Introduction: Consider this interesting thing about
judgment. Everyone wants other people to receive judgment
for what they have done (or what we think they have done).
But no one wants to be judged. Have you ever said, “I wish a
police car were here to see the way this guy drives?” On
the other hand, do you like it when police lights turn on
behind you and you are pulled over for a traffic violation?
We have been studying Revelation 14:7 which warns that the
“hour of His judgment has come.” Is it possible that this is
a judgment for others and not for you? Let’s plunge into our
study of the Bible and find out!

I. The Books

A. Read Revelation 20:11. Who do you think is on this
throne? (God.)

1. How can earth and sky run away somewhere? And
why would they run? (Notice the description of
the throne, it is “great” and “white.” I
think that means it is imposing and bright.
What happens to the stars and the moon when
the sun rises? They disappear. That is what is
happening here. The throne picture is so
imposing and bright that we are no longer
seeing earth and sky.)

B. Read Revelation 20:12. What two kinds of “books”
do we see here? (There are “books” and then there
is the “Book of Life.” All are opened.)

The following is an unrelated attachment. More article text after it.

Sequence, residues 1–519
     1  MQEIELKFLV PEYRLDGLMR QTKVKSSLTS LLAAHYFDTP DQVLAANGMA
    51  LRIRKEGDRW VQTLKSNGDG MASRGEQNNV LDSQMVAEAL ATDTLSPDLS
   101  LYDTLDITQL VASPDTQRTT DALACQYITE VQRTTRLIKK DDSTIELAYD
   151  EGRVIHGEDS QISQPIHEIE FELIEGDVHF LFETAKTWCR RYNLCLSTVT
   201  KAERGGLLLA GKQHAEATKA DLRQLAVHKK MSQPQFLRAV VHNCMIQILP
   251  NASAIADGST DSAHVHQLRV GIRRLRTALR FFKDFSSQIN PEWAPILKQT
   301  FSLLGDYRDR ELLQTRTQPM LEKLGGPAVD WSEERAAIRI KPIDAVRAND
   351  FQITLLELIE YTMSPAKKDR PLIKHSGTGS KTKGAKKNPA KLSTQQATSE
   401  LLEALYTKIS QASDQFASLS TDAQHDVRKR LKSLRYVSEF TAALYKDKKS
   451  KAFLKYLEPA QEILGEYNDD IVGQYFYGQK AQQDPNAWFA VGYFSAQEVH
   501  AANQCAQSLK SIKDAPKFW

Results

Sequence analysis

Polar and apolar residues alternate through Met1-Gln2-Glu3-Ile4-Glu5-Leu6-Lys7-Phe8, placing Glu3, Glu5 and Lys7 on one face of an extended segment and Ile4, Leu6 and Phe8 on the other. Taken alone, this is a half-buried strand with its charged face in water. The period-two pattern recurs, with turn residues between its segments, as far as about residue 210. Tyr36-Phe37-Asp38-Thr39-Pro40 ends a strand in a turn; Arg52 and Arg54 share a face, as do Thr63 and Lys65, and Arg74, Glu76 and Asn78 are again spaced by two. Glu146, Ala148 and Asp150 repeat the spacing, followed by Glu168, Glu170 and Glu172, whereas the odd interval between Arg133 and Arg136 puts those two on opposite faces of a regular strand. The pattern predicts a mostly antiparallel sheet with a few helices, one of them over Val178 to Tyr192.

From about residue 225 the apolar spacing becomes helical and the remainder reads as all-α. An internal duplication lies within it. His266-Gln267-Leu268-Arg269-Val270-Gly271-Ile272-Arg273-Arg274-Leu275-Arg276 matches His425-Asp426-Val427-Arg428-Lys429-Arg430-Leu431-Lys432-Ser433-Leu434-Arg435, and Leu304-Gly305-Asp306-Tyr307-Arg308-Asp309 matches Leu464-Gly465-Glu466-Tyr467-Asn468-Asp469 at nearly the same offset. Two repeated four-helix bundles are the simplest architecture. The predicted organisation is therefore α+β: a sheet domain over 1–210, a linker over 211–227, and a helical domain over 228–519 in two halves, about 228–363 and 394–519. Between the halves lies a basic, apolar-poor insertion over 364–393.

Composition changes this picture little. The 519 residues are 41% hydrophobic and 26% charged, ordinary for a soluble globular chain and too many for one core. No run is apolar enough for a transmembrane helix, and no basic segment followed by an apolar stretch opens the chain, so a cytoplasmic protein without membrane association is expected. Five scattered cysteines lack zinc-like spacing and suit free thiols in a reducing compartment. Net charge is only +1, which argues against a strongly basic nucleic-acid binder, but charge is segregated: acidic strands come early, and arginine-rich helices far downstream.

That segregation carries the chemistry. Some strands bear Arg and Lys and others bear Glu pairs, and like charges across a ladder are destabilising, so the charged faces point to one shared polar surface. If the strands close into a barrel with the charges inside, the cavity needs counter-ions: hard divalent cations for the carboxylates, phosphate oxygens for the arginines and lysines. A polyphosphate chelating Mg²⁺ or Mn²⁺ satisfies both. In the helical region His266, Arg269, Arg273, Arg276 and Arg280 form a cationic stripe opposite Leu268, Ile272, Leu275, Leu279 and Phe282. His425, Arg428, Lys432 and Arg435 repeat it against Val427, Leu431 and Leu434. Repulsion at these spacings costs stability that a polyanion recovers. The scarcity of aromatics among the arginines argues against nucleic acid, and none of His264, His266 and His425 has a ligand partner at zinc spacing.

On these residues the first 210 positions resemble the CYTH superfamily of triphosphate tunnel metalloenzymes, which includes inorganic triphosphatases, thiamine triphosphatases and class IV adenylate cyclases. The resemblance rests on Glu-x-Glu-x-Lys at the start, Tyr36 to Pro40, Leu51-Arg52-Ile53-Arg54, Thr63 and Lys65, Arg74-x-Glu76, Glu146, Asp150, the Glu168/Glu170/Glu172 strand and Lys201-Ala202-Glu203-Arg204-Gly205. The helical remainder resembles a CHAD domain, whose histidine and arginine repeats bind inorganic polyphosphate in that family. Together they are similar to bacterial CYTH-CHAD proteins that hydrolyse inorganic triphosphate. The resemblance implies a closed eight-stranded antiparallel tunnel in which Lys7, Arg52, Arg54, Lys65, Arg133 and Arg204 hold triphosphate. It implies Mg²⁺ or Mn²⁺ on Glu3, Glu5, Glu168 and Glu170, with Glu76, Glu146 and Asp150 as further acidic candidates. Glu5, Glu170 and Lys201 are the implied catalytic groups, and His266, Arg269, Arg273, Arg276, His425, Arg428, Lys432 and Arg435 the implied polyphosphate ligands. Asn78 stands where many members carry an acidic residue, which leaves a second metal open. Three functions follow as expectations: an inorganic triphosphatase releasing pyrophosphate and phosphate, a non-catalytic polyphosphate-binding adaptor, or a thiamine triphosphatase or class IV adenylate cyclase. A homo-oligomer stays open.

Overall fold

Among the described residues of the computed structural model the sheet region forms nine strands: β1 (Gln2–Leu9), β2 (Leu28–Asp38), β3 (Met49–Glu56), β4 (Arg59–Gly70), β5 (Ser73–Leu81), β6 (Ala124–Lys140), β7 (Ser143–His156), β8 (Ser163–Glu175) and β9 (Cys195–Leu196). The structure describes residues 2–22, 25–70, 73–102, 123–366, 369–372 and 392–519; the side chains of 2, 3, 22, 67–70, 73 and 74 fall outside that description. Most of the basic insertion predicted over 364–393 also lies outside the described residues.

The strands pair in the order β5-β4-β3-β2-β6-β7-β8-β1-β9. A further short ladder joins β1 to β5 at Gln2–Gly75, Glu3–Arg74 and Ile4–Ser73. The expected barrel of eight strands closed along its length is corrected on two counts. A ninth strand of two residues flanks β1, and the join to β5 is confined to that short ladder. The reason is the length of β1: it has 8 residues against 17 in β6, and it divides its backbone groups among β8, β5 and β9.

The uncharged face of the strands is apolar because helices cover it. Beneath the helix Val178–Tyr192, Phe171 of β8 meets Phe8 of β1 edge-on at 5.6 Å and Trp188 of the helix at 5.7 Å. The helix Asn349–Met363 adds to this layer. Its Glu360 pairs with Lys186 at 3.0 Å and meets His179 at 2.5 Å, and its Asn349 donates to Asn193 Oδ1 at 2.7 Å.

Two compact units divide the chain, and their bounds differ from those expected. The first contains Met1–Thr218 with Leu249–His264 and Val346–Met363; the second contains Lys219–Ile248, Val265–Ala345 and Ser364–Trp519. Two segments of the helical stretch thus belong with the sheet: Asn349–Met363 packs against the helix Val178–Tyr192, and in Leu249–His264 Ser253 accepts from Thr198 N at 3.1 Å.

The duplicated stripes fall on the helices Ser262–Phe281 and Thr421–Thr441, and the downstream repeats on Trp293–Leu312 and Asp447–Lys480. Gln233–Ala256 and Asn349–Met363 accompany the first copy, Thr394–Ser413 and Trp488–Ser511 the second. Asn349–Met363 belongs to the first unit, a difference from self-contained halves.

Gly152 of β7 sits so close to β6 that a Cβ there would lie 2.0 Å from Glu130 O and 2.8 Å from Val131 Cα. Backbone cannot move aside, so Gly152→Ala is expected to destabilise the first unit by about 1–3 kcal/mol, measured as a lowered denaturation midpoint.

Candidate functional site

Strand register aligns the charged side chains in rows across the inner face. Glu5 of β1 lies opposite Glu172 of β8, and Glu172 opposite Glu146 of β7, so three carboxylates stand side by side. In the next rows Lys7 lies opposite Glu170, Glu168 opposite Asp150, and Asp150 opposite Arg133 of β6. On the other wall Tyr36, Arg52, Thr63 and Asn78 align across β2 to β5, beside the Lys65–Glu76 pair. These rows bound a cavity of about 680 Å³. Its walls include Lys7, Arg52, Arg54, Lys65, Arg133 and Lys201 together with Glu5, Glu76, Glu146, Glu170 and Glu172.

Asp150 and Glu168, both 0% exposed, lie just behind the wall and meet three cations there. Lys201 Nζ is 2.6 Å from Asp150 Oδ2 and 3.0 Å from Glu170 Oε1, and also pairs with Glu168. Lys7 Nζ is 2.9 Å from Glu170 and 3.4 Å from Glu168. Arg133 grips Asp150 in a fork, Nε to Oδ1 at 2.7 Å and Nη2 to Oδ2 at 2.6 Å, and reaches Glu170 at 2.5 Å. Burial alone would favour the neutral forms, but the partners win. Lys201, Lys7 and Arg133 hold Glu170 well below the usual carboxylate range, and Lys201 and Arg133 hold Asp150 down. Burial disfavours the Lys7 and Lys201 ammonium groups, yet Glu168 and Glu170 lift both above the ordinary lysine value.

1. What information is implied with the word
picture of “open books?” (Books record
information. If you open a book you are
looking at the information recorded in it.)

2. What kind of information is in these books? (A
record of what those who are judged have

a. What does this tell you about the nature
of God’s judgment? (He is not arbitrary.
Documentary evidence is reliable. These
people are not being judged based on
status, money, influence, bribes, or a
false memory. They are judged based on
their recorded deeds.)

C. Let’s skip down and read Revelation 20:15. If your
deeds are being reviewed in the judgment, what is
the outcome? (You are thrown into the lake of

1. What does that tell us about the nature of the
recorded deeds? (They must be bad overall. The
picture is that the bad deeds of these people
are recorded, they are judged based on these
bad deeds, and then they are destroyed by